A body of non-fictional books and writings published on a particular subject; considered collectively.
A formal, reflective survey of the most significant and relevant works of published and peer-reviewed academic research on a particular topic, summarizing and discussing their findings and methodologies in order to reflect the current state of knowledge in the field and the key questions raised.
A discipline‐specific publication through which academics and other researchers can publish and disseminate their work, the academic journal normally takes the form of a collection of articles, research papers, or reviews which have been submitted to the journal's editorial board. In most cases papers being considered for publication are submitted for scrutiny and appraisal by recognized academics or authorities in the appropriate field, who may recommend that the paper be accepted as it stands, or that specific revisions be made, or that the paper be rejected for publication. This process of refereeing is known as peer review.
The process by which an academic journal passes a paper submitted for publication to independent experts for comments on its suitability and worth; refereeing.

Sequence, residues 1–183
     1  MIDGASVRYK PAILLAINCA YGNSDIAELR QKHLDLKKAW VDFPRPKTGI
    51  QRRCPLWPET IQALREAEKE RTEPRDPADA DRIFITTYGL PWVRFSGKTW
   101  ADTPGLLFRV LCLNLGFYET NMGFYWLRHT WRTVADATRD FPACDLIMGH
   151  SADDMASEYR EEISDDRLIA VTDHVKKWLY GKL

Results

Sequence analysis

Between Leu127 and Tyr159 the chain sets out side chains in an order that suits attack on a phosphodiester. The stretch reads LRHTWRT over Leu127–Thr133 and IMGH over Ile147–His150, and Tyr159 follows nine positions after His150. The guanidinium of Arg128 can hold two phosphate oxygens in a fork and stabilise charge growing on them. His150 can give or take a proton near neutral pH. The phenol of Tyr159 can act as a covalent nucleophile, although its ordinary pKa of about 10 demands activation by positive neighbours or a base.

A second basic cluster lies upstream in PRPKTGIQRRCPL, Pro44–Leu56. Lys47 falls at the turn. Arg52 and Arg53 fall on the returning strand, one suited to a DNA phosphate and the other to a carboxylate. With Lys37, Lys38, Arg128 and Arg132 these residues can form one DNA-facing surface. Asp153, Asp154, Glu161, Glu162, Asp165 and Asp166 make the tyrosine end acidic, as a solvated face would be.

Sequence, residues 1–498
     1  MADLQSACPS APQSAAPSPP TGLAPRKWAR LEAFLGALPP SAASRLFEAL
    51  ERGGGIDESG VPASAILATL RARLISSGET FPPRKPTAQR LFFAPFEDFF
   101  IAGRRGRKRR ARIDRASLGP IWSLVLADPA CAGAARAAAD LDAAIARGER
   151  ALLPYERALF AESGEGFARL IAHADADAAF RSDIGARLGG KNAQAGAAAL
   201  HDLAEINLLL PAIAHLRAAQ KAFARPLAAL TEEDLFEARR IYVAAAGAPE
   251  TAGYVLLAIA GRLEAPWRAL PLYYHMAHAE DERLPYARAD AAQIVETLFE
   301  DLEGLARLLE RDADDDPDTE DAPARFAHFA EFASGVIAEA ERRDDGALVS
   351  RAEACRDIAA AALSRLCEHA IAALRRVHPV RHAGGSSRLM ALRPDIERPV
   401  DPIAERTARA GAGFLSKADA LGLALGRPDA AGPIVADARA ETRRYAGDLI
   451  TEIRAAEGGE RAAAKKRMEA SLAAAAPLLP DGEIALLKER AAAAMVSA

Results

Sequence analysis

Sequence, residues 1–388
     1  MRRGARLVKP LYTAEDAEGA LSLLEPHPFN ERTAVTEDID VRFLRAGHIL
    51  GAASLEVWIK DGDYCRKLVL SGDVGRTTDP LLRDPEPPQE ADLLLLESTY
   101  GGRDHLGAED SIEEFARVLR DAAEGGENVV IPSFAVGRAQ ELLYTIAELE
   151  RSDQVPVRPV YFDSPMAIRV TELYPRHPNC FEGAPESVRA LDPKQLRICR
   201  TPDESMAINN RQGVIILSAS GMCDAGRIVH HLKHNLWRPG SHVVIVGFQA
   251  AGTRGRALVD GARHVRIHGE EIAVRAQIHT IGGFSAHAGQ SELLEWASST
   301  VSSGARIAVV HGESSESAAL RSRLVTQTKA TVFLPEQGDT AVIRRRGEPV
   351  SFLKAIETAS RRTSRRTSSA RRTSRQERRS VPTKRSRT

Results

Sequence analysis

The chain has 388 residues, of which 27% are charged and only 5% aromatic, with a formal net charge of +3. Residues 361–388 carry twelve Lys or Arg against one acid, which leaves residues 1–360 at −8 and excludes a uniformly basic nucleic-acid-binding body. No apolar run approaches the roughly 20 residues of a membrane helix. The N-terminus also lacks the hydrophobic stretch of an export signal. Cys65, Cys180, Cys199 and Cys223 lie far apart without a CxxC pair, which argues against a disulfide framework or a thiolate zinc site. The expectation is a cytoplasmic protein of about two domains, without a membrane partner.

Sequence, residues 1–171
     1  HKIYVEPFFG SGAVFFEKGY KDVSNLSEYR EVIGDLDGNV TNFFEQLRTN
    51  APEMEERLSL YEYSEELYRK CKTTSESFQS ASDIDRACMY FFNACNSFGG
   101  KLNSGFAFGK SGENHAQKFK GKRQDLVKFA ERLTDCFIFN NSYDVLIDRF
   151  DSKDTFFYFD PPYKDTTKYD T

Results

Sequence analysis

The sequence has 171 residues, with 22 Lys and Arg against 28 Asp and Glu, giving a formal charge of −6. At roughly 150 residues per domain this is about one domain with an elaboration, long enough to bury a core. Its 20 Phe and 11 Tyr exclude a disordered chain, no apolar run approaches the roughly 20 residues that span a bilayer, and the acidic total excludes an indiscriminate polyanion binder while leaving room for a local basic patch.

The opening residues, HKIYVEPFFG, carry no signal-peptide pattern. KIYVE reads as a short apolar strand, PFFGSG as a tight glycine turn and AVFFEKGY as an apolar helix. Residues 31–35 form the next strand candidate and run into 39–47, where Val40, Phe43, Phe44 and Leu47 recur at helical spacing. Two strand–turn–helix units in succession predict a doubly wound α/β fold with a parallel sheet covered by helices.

Anatomy of a Scholarly Article
Scholarly articles are typically written for a very specialized audience of fellow scholars and practitioners. Authors may assume that the reader has prior knowledge about the field. Don't be surprised if you find jargon or unfamiliar language! Try to get an overview of what the author's main points, claims, and questions may be. Many scholarly articles have similar structures or headings that may help you find your way. Look for sections like the abstract, introduction, section headings, and conclusion. They may offer cues that help you to infer the article's purpose and main argument.
Click on the gold plus boxes to learn more about the parts of a scholarly article.
The following list are some factors to consider when evaluating scholarly sources. This list is not exhaustive, and the criteria will vary depending on your purpose in looking for the information. What other factors might you consider?
These terms are often used interchangeably: Scholarly article, Peer reviewed article, or Refereed article, or Journal article
If you answer "yes" to most of these questions, chances are good that you've found a scholarly article! Still not sure? Ask a CU Librarian!
Many library databases have a filter option to only show peer reviewed articles. These filters aren't perfect, but are much more likely to show you the types of information you many need for an academic assignment. They often weed out non-peer-reviewed materials like dissertations, books reviews, news articles, reports, or magazine articles.